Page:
DEFINITION OF SUSTAINABLE LANDSCAPING
It’s based upon three key considerations; social, environmental, and economic. The goal is to create healthy, regenerative landscapes that are economically viable. The result is reduced labor and materials and lower long term maintenance costs. Sustainable landscaping saves money while also saving the environment.
The sustainable movement started in the 1980’s and inspired the United States Green Building Council to issue the Leadership in Energy and Environmental Design (LEED) program for new building construction. The Sustainable Sites Initiative (SSI), a national coalition of green industry professionals, is working to develop a similar program to apply the same principles to the landscaping part of a development. Locally, the Illinois Landscape Contractors Association (ILCA) is working to generally define what makes a landscape sustainable and specifically demonstrate how to design, install, and maintain that landscape using sustainable practices.
WHY SUSTAINABLE LANDSCAPING IS A STORY
Sustainable landscaping is part of a growing national effort in the landscaping industry to create aesthetically pleasing landscapes while improving and conserving the environment and saving money. Many homeowners, property managers, and municipalities demand environmentally sensitive landscaping but the recent economic downturn has made it difficult to justify the cost. Sustainable landscaping provides that justification with immediate and long term savings. It teaches clients and landscapers alike that beauty, the environment, and cost savings can all work together. After all, landscaping is the “original green industry.”
Sustainable Landscaping produces many environmental and economic benefits. It benefits the environment by growing healthier and longer living plants. Selecting the right plant for the right place makes the plant that is less susceptible to disease and insects. Thus the plant requires less fertilizer, pesticides, fungicides, and water. Sustainable landscaping also requires less maintenance thereby reducing long-term costs. Sustainable landscaping also provides an economic benefit. Using less water, labor and chemicals saves money. Using the composted debris from the site saves on soil amendments, disposal costs and the fuel for transporting all that material. These savings add up throughout the lifetime of the landscape.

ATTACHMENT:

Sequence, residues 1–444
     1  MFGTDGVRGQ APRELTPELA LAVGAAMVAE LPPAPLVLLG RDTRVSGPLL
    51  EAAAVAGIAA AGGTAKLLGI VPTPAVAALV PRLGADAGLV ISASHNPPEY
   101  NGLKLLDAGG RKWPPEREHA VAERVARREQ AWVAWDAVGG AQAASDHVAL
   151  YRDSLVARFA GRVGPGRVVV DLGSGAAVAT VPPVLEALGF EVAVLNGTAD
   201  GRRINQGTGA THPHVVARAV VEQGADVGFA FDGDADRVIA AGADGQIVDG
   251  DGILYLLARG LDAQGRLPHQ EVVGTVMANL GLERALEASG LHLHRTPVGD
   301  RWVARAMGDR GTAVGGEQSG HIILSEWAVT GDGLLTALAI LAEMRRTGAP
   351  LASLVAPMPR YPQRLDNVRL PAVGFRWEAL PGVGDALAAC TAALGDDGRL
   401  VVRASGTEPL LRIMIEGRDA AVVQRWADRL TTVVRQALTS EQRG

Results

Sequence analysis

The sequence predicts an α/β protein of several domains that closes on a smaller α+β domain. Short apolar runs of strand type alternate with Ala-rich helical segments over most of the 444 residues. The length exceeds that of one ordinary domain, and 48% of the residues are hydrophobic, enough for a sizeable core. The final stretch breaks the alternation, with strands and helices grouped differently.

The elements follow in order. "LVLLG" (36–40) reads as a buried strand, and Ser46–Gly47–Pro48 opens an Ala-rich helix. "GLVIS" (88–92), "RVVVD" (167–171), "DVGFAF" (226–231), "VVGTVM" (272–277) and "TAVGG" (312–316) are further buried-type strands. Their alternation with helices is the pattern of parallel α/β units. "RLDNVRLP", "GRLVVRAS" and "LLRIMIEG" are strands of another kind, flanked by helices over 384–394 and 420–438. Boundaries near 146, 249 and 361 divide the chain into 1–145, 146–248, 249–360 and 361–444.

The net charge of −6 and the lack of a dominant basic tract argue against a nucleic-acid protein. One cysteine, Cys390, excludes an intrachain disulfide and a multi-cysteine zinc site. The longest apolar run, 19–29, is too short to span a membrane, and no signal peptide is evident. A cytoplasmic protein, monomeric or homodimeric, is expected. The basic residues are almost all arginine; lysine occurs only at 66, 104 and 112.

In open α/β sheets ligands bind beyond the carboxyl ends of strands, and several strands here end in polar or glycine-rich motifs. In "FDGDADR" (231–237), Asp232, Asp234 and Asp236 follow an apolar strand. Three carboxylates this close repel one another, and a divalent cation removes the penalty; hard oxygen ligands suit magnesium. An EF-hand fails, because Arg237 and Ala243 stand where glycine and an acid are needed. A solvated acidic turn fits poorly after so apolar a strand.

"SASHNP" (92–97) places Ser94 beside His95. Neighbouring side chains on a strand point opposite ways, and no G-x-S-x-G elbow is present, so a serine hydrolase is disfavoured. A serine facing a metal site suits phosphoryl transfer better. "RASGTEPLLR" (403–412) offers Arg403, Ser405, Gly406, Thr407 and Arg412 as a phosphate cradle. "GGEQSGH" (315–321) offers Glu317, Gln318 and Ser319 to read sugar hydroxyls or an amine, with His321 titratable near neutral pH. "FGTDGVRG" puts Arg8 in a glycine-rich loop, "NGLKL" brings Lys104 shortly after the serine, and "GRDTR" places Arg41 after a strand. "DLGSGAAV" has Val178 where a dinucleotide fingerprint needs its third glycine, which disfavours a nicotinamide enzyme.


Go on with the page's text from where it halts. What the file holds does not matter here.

FEATURES OF A SUSTAINABLE LANDSCAPE
Compact fluorescent light bulbs, high efficiency appliances, and better insulation are a few examples of green ideas that have caught on with consumers inside the home. Through sustainable landscaping, homeowners no longer have to leave these environmentally conscious practices at the front door.
Soil is the most important element of a sustainable landscape. A sustainable soil will support healthy plant growth, absorb water, and filter pollutants. In heavily constructed urban areas existing soils must often be renovated to support a healthy landscape.
Water conservation is the planning, development, and distribution of the optimal use of water resources. Water conservation can save money by reducing construction costs and limiting potable water use.
Irrigation is an integrated approach to developing and utilizing water resources for landscapes to meet current needs while preserving water resources for the future.
Rainwater harvesting helps reduce fresh water use in a landscape by catching rainwater and reusing it in areas such as irrigation and water features. Reducing fresh, potable water use in the landscape helps to recharge local aquifers.
A rain garden is planting water-loving plants in low lying areas that will filter and absorb water and keep it from running off to our waterways and storm drains.
Permeable pavement allows rain water to be absorbed back into the earth via the pavement rather than overtaxing storm drains that can cause flooding.
Green roofs are vegetation planted on a roof which helps to reduce storm water run-off, give buildings additional insulation, and protect the roof. This helps reduce heating and cooling costs, cools ambient air, and can add to the overall value and extend the life cycle of a building.
A responsible plant choice is a plant that will grow well in a given site’s conditions. It is not invasive or aggressive and accomplishes both the functional and aesthetic goals of the planting. Plants native to the Midwest can be a successful solution due to their adaptability and drought tolerance. Planting a shrub that grows to a maximum of 8 feet beneath a six foot window requires annual maintenance and is not sustainable.
Gone are the days of scheduled blanket spraying of pesticides and insecticides. Integrated Pest Management programs attacks pests and disease only when identified. Natural lawn care uses organics that refresh the soil without chemicals.
Applying sustainable practices to the maintenance of a landscape greatly improves the health and appearance of the property while also reducing the long-term cost of maintaining the grass. If you manage grass clippings correctly it produces less waste and requires even less water and fertilizer. Removing invasive species and dormant pruning reduces the amount of trimming with carbon-emitting machines. The maintenance of a property is just as important as the design and installation of a property.